When you're looking to invest in a Ford™ or another high-quality new car or truck, you'll inevitably run into the safety ratings for the vehicle in question. These ratings and all the features they represent can be a little confusing, so it helps to break them down further to see how your new car candidate stacks up to the rest. To help navigate this unique area of car sales, here's an overview of who determines these ratings and the tests cars go through to attain them.
A Guide to Car Safety Ratings
Who Determines a Car's Safety Rating?
As you research safety ratings, you might wonder where these classifications come from in the first place. There are two primary testing standards for safety in the United States: The National Highway Traffic Safety Administration (NHTSA) and the Insurance Institute for Highway Safety (IIHS). The former is an agency within the government that is associated with the five-star safety ratings commonly linked with new cars. The latter is a non-profit organization that conducts independent vehicle tests to determine how well a vehicle will protect the occupants within it.
What Are Some of the Common Tests?
Crash tests have been more rigorous since the 2011 models were introduced, so you can be confident in safety ratings of new Fords and similarly up-to-date vehicle options. In addition to general frontal- and side-impact crash tests, these ratings put a wide variety of vehicle abilities to work to determine how safe they are for the average driver. Rollover resistance, accident avoidance capabilities, roof durability, and protection from rear impacts are among the most common tests. Blind spots also play a major role, which is why today's modern safety technology is so crucial.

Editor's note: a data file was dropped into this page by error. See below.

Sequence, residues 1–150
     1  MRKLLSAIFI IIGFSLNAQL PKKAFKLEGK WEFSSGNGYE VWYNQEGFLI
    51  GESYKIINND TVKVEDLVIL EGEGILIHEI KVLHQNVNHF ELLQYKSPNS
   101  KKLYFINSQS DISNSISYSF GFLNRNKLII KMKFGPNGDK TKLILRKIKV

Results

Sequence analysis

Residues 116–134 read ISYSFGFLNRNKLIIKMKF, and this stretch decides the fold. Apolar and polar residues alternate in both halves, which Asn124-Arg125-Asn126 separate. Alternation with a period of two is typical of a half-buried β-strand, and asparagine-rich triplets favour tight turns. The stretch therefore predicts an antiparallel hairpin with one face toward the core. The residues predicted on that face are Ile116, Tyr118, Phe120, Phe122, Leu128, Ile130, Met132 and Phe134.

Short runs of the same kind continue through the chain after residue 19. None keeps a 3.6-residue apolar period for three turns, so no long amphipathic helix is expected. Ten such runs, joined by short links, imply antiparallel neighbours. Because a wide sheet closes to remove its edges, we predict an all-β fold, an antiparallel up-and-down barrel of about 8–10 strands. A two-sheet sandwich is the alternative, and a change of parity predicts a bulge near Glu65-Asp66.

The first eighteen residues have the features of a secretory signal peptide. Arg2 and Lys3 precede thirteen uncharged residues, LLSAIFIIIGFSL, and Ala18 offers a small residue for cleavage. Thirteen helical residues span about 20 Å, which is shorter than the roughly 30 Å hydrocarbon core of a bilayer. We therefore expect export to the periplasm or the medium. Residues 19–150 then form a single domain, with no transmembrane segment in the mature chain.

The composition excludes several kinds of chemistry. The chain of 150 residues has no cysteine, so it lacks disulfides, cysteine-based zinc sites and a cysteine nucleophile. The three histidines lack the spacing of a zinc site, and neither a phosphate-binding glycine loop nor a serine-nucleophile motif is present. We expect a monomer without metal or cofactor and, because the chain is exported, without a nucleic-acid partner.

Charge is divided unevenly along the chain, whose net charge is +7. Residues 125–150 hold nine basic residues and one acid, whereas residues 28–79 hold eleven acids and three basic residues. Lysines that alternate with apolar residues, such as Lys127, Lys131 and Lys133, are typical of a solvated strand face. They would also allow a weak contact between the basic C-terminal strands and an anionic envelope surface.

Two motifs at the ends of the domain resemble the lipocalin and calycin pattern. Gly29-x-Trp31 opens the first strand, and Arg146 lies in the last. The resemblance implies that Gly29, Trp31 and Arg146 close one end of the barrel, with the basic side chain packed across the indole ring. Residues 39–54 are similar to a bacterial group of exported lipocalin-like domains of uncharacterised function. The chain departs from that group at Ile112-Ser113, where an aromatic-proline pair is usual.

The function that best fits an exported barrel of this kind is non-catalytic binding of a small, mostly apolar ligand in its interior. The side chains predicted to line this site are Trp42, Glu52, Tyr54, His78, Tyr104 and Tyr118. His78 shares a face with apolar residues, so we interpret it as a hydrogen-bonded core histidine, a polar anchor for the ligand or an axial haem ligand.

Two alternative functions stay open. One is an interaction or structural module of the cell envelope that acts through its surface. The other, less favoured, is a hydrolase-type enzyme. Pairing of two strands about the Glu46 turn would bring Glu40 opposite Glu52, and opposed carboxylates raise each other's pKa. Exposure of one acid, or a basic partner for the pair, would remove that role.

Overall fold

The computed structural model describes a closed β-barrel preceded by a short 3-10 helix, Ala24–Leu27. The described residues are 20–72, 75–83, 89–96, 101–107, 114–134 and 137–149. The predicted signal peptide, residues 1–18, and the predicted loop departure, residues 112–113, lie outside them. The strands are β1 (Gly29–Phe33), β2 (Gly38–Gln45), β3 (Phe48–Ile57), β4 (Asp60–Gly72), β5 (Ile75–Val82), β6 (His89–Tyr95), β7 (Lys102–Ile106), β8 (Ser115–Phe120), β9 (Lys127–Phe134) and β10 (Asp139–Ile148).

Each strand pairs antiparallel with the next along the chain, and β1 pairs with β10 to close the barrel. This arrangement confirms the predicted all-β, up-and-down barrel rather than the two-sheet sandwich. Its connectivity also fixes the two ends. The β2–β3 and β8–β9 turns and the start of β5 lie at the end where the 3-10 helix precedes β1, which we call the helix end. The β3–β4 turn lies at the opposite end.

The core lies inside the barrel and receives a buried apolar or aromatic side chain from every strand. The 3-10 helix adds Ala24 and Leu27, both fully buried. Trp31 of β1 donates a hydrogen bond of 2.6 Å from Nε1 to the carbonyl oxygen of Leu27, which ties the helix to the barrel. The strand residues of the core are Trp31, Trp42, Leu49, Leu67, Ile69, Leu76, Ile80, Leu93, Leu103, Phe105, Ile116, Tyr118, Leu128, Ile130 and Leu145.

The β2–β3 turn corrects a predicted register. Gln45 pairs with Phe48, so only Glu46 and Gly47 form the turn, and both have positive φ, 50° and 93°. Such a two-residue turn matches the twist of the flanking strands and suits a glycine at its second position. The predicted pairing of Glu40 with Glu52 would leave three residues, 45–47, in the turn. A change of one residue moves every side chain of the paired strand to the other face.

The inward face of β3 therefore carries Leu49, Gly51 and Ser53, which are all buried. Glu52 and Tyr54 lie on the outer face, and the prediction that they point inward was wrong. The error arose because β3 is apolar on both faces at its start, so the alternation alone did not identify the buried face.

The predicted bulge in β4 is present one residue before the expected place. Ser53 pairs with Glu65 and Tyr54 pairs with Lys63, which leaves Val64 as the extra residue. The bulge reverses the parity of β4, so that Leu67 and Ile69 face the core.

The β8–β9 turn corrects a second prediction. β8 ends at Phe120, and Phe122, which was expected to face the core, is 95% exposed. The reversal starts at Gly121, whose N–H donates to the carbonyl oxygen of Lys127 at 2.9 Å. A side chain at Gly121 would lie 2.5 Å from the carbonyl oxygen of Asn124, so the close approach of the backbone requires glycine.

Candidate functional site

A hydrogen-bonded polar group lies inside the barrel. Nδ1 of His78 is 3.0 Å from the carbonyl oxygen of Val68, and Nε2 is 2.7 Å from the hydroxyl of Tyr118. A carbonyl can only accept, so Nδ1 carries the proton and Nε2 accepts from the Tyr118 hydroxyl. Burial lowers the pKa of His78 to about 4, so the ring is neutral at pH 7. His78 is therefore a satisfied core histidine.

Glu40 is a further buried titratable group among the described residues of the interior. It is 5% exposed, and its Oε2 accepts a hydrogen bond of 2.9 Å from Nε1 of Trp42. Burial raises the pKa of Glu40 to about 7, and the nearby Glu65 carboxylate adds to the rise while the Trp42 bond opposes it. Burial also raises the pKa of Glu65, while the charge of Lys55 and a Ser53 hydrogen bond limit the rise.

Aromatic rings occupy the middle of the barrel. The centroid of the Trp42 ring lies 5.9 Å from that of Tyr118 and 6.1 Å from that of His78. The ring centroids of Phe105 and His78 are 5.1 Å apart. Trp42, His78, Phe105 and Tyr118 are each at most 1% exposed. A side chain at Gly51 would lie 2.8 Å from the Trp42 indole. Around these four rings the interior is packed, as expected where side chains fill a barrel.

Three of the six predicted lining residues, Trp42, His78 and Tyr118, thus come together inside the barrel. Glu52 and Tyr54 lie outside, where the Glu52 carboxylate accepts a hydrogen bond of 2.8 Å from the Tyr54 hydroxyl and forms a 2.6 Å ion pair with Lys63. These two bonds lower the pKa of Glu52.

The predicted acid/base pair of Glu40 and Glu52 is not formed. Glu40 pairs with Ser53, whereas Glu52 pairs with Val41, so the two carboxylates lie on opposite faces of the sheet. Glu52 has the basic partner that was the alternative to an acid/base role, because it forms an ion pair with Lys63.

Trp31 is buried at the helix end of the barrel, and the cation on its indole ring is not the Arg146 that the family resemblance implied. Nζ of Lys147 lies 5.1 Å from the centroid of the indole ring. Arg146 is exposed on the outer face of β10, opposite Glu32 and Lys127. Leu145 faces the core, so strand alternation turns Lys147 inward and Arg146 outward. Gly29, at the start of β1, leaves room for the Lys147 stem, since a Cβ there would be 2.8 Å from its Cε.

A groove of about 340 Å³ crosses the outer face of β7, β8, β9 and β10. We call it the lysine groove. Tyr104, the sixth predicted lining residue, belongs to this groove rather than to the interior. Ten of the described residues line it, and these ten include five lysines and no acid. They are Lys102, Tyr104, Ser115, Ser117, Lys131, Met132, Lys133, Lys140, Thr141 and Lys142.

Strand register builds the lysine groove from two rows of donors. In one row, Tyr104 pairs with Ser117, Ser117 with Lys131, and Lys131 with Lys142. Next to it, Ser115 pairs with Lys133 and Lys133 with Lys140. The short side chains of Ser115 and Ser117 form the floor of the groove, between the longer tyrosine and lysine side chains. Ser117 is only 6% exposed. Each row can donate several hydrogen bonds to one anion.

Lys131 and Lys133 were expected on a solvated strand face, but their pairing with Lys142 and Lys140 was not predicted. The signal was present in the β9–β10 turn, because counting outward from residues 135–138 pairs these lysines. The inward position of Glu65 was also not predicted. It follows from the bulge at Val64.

Some of the modern features that push new cars into the upper echelon of safety include electronic stability control, which helps prevent skidding and sliding, and automatic emergency braking, which allows the vehicle to apply brakes automatically in the case of a potential impact. Blind spot warnings are more common in today's models, as well, as are other visual and auditory alerts like lane departure warnings and lane-keeping assistance. When these additions work in tandem with a durable and well-protected vehicle, you end up with a model deserving of the coveted "Top Safety Pick" standard.
Once you know what makes a new car tick in regards to safety features, you'll be much more confident when it's time to purchase your next vehicle at Crescent Ford of High Point, NC. With a convenient location between Greensboro and Winston-Salem, this local dealership offers the best in new and used Ford cars and trucks, and their team is known for their prompt and reliable service. Visit their website for a look at their new and used inventory, and give them a call today at (336) 869-2181.